Sunday, January 17, 2016

Choosing College Courses #350

In the spring of 1978 I filled out a paper CAO application form with my top four choices as follows:

  1. Pharmacy (UCD)
  2. Pharmacy (Trinity)
  3. Science (UCD)
  4. Science (Trinity)

No doubt I added more to this list, but I can't remember what other choices I made. At the time I did not know that Pharmacy in UCD and Trinity was the same thing, UCD did not actually run a Pharmacy course at the time. I had 17 CAO points made up of 3 each for five C honours and 2 for an A in Ordinary Maths. Under the current system this would be somewhere between 350 and 410 points. Somehow 17 points was good enough for Science in Trinity, but not for UCD. With the limited help of a Career Adviser I made up my mind that since I was studying Biology and Chemistry in the Leaving Cert that I wanted to be a Biochemist. I really didn't know what a Biochemist was. I wasn't particularly good at Chemistry - I was good at Biology while History and Geography were my favourite subjects. Looking back I don't think that I was well informed about the choices ahead of me in the CAO process - not like the avalanche of information available to applicants nowadays. BTW - I remember delivering my application by hand to the then CAO office in Clare Street. No Internet thingie in those days!

Meeting Leaving Cert students at an NCI Open Day.
In the past week, Dr Derek O’Byrne (Registrar in Waterford Institute of Technology) wrote an Opinion piece for The Irish Times on High third level drop-out rates are due to disatisfaction with courses not ability (typo in an Irish Times headline!). In this piece he refers to Higher Education Authority research showing that "one in six students dropped out in first year". If this trend is followed we can deduce that approximately one in six CAO applicants this year will also drop out. O'Byrne also refers to work by the National Forum for the Enhancement of Teaching and Learning that "satisfaction levels with chosen courses is a primary cause of student non-progression". Clearly, if a student is not satisfied with his/her course, then maybe it's for the best that they drop out and try something else. Leaving Cert students are under tremendous pressure to pick a course - I'd hate to be in that phase again. Computer Science was not an option in my day, I would almost certainly choose that if I were filling out a CAO form today.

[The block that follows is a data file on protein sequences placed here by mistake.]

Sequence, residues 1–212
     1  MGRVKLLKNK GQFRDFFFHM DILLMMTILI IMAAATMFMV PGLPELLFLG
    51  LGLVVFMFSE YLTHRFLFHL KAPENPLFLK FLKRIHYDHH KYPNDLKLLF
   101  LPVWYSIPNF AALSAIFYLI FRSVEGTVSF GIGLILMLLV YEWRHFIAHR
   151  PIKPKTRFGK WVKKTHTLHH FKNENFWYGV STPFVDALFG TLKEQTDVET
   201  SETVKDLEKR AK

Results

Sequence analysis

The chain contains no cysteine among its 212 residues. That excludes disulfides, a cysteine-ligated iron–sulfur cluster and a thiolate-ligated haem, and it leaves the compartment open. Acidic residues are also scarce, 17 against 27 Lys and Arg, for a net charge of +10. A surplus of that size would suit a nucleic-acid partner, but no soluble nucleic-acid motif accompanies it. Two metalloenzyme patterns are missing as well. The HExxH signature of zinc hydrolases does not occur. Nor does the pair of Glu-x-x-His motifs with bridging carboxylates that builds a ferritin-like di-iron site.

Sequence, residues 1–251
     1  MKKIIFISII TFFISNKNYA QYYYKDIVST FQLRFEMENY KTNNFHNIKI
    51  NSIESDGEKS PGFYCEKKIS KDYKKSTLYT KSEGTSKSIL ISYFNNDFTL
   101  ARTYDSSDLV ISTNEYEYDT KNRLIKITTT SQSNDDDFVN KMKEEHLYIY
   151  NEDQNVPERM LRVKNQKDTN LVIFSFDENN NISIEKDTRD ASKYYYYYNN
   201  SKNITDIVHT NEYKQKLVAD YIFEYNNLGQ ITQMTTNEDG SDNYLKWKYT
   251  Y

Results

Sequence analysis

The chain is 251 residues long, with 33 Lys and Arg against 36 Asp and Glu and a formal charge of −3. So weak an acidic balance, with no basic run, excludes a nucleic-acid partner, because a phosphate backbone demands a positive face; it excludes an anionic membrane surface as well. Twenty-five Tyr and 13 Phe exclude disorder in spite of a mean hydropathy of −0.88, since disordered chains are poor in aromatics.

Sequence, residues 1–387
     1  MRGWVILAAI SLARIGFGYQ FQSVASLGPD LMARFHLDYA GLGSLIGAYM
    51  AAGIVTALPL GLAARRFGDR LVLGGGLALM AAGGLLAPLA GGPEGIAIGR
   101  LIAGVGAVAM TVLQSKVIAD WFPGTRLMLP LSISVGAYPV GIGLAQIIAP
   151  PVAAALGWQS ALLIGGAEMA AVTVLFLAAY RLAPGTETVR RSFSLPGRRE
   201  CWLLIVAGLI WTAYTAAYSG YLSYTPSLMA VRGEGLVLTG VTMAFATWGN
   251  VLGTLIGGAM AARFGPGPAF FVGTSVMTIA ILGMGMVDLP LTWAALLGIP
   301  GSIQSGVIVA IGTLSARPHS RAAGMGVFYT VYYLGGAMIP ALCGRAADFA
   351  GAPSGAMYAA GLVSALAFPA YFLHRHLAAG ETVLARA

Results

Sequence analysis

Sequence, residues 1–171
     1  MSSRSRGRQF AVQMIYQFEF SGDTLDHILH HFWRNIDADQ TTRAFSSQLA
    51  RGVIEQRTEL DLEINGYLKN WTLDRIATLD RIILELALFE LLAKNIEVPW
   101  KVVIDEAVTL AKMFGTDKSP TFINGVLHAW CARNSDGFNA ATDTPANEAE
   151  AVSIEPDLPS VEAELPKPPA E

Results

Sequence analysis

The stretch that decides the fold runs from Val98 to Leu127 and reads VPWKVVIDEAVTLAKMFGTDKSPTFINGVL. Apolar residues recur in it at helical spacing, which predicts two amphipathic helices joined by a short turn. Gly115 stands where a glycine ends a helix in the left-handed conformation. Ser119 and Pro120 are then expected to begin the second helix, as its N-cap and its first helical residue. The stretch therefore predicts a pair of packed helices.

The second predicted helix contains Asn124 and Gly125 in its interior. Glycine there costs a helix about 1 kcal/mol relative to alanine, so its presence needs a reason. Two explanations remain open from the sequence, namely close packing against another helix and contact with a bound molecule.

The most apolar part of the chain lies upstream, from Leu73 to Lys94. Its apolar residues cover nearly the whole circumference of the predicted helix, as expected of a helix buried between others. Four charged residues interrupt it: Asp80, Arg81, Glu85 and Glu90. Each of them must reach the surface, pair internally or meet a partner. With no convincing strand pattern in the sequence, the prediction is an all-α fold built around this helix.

It's difficult to give advice to Leaving Cert students - all are different. They have different abilities, different ambitions, different motivations, different likes/dislikes. Around 60,000 students will be sitting the Leaving Cert this year and us Colleges in September will shoe-horn them into just a few hundred courses. It it any wonder that some will drop out after a year? There's no stigma or shame in dropping out - it is your response to this that counts and what you make of your life afterwards. My advice is simple - go for what you like and what you are good at. Follow your heart, not just your head.

1 comment:

  1. Good post, Eugene. Age or rather maturity is a factor. Because of when her birthday feel, my wife finished the leaving cert and found herself on a degree course at DCU when she was just seventeen. Too young. I finished my A levels and just dropped out of education at 18 and joined the workforce. I went back to get a degree when I was 25, and loved the three years I spent studying, it changed my life. I think it's much more common in the rest of the continent for people to work for a while and then return to study (maybe not quite as late as I did). This would lead to students making better choices, stronger commitments and enjoying better outcomes.